While in some of Nakagawa's still-life arrangements the objects are juxtaposed in tension to one another, here they are all in accord. And the artist feels himself to be in harmony with the objects and with nature. He refers to the 13th-century Chinese painters who felt themselves ``dissolved in nature.'' So the rocks represent the earth, fragments of creation that were here long before us. They also are to present the concepts of stability and permanence. Lovingly detailed rocks appear in many of Nakagawa's recent canvases.
To him the violin ``symbolizes the music of nature and the music of man.'' He notes that he paints only objects with which he is very familiar and with which he feels comfortable. His mother plays the violin, so it is an object with which he has had a long and affectionate association. In the composition it plays a dual role as the bearer of very personal connotations and of very universal ones.
The pair of binoculars resting on the center frame of the right-hand window he calls ``the touch of the artist,'' a sign by which he enters the picture. As he wants his paintings to be as ``real as possible,'' he uses binoculars to check distant details of the landscape. He recalls that Impressionist Claude Monet once said something to the effect that if a distant tree looked like a blur, he painted a blur. Realist Nakagawa strives for a painting that is as accurate as he can make it, so the binoculars determine the exact manner in which the branches of a faraway tree are growing. No blurs for him!
An amusing anecdote reveals much of his passion for exactness. For all the formidable size of his canvases, Naka-gawa works in the traditional manner of setting up the objects in the exact arrangement in his studio. More than one of his still lifes features fresh bluefish on a platter. His painstaking acrylics require months to paint - if he used oils they would doubtless take years. The first time he used bluefish, the neighbors of his studio loft in the Manhattan area called TriBeCa complained after seven or eight days that the condition of the fish was becoming very evident to them.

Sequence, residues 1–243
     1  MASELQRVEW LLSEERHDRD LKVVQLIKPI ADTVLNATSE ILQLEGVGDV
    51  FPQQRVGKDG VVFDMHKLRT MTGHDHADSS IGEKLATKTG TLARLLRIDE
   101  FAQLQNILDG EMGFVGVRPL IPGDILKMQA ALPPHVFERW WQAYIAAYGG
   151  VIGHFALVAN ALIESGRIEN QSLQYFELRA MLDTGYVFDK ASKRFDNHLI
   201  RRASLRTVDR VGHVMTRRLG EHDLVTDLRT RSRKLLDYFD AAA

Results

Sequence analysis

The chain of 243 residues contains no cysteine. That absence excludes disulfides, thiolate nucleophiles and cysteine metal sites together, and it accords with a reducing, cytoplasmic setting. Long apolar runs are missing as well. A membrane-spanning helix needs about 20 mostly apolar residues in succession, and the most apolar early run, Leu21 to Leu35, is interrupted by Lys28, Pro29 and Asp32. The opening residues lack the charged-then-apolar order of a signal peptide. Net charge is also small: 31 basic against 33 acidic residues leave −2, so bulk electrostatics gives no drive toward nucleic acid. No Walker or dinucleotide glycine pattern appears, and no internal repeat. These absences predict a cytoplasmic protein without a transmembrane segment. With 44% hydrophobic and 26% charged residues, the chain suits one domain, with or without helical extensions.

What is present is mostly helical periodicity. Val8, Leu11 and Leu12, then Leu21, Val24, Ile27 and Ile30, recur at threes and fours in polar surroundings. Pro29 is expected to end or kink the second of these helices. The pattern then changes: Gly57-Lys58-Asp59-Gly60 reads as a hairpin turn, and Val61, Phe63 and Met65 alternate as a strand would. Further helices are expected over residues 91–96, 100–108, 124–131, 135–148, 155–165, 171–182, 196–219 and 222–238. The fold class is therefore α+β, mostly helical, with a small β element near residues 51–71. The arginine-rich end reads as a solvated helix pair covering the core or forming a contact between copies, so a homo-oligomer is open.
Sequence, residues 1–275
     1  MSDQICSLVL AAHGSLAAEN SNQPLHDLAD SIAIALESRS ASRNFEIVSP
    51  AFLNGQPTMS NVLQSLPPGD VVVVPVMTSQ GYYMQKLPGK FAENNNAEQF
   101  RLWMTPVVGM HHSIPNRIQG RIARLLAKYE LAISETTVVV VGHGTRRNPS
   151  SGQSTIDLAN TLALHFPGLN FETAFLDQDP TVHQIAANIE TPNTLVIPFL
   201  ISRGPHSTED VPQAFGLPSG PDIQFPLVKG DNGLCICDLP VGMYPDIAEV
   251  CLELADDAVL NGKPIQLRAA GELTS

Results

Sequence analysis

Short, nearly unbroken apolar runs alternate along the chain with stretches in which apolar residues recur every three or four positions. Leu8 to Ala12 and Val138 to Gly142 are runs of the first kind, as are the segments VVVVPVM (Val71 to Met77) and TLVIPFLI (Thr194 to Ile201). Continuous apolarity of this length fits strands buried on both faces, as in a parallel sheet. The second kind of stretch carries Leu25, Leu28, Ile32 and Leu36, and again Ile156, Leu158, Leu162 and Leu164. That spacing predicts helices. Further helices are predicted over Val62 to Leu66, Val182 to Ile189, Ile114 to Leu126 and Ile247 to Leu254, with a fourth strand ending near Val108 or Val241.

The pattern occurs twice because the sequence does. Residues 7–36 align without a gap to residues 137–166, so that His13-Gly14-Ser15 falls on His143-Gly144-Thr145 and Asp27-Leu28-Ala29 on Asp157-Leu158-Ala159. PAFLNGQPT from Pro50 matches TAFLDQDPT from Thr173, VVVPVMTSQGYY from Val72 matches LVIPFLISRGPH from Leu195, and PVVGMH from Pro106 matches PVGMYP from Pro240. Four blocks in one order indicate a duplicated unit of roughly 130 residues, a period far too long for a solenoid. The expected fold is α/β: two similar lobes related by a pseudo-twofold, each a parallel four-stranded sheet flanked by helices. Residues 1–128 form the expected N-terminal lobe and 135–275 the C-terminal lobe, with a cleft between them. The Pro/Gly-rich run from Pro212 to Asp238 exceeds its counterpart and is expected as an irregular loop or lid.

So, after disposing of that portion of his arrangement, Nakagawa went to the nearby fish market with a yardstick and patiently measured every bluefish in the day's catch until he had acquired 20, each of which measured exactly 30 inches. These he stowed away in his freezer so he would have enough replacements to complete his work without offending his neighbors' noses.
So this artist's choice is overwhelmingly for realism - one might say, American realism. But Nakagawa says that his selection of objects for their universal meaning derives from his early training in Japanese brush painting with its Oriental tradition of philosophic content. He sees no conflict and no need to follow its fluid and summary style. This may give us a clue to culture-crossers, because Mary Cassatt largely painted her American relatives and friends, while her style was that of her French Impressionist colleagues.